Like many things, there are pros and cons. I have tried both and I prefer to work in the model scale (1:64 for me) as it is easier to keep tabs on design requirements like minimum wall thickness and minimum detail size, depending on your target 3D technology and material.


There is a third alternative which is to work in an an intermediate scale, e.g 10 x model scale, then scale down the resultant STL file for printing. I haven't used SketchUp myself, but I understand some users work in a larger scale as it doesn't handle small measurements precisely. I use Rhino 3D software which has a precision of 0.001 mm which is precise enough for the most detail model I can envisage.


Another useful software tool is NetFabb which checks and corrects minor errors in STL files. Use of NetFabb is a good precaution before uploading an STL to a print service bureau, as it virtually eliminates the chance of the file being rejected due to errors. NetFabb is available both as a free download or as a cloud service. I find the cloud service is better at checking and correcting errors, but I also use the PC version for viewing STL files and rotating them when I want to print in a specific orientation. The PC version is also good for scaling STL files, if needed. I recently scaled some parts done in S scale for printing at 10 mm scale (210%) for another modeller.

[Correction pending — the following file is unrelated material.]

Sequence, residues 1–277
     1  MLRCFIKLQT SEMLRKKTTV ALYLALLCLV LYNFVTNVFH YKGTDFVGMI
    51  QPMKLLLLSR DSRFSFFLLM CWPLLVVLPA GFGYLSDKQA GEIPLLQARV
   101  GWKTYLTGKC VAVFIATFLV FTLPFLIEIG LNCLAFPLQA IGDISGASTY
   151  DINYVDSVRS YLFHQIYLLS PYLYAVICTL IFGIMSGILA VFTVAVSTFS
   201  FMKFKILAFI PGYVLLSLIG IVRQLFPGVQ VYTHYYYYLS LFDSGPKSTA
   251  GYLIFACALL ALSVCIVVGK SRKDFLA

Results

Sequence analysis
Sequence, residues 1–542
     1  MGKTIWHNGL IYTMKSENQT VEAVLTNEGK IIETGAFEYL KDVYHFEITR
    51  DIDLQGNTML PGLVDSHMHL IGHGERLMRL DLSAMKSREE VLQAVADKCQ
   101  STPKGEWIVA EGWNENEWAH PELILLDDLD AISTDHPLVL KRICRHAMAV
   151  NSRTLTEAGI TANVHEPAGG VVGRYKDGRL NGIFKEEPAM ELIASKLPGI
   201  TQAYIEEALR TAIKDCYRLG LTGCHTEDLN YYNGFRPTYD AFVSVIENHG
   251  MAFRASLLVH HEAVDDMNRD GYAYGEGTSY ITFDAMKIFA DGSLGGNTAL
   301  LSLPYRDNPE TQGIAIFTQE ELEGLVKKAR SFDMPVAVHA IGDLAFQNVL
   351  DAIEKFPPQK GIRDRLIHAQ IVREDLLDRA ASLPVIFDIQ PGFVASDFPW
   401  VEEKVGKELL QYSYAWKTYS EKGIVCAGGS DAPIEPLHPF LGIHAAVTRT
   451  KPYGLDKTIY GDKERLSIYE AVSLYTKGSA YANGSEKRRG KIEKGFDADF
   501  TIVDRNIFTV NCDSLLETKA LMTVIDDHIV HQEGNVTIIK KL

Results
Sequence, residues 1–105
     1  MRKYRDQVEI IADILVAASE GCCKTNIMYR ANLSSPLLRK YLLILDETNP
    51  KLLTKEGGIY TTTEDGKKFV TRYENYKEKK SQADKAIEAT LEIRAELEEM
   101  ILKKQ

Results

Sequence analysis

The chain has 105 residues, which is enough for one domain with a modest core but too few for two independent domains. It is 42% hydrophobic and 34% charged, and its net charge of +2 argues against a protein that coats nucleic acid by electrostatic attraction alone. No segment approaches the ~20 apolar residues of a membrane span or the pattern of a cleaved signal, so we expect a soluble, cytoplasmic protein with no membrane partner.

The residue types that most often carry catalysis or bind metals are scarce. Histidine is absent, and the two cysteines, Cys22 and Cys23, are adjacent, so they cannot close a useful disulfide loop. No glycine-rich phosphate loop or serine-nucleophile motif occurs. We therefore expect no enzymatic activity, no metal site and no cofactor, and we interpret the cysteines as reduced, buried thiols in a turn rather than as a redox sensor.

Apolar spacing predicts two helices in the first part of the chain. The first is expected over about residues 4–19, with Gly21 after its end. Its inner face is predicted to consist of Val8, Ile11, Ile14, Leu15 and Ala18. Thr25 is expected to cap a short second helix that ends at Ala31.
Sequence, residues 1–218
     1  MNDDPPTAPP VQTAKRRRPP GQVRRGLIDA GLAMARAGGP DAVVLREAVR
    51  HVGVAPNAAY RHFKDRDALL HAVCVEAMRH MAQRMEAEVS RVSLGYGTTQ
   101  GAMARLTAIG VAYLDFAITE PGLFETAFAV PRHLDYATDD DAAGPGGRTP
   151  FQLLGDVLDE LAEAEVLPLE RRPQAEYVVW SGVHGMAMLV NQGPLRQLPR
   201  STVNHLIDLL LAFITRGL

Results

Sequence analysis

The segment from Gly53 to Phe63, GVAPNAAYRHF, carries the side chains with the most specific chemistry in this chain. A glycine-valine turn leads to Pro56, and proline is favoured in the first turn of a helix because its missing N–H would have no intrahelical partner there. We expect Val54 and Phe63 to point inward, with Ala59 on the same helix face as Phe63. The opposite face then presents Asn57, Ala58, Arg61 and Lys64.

If you are just starting out with 3D design software, another potential package to try is Design Spark Mechanical - http://www.designspark.com/eng/knowledge-item/read-about-designspark-mechanical

This is available free to "engineers" and has a precision of at least 0.01 mm, so it should be suitable for designing in the final model scale. I haven't tried it myself so I can't vouch for its ability to handle complex designs but it sounds like it is in the same league as SketchUp.


In my opinion, it would be worth trying a couple of different 3D software packages with simple designs before committing to one or other. I tried 123D initially and found it quite difficult to do precise work (for example, there was no global coordinate system) then I trialled Rhino and made rapid progress.

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Good point.  Sketchup is a bit of an oddball becuase it's about the only bit of 3d software that cares what units you are using.  Most tools don't mind if you design is several kilometers long or just a few nanometers - it's just a number to it.  Unfortunately sketchup seems to have problems drawing radii less than about 1mm, for some crazy reason.

To avoid this I personally draw in 1000x the model scale when using sketchup with the units set to meters and I imagine a second 'm' on all the dimensions.

In most tools this nonsense isn't needed.


If you have the time then Marbelup's advice to try a few different tools is good.


In my more recent designs (on solidworks - a professional CAD package that I used for business) I have drawn the shell of the model (and other bits that I want to be to scale) in 1:1 and then scaled this down to 1:148 to add all the model-specific innardss.  If necessary I also adjust the dimensions of some of the scaled down bits to make them printable.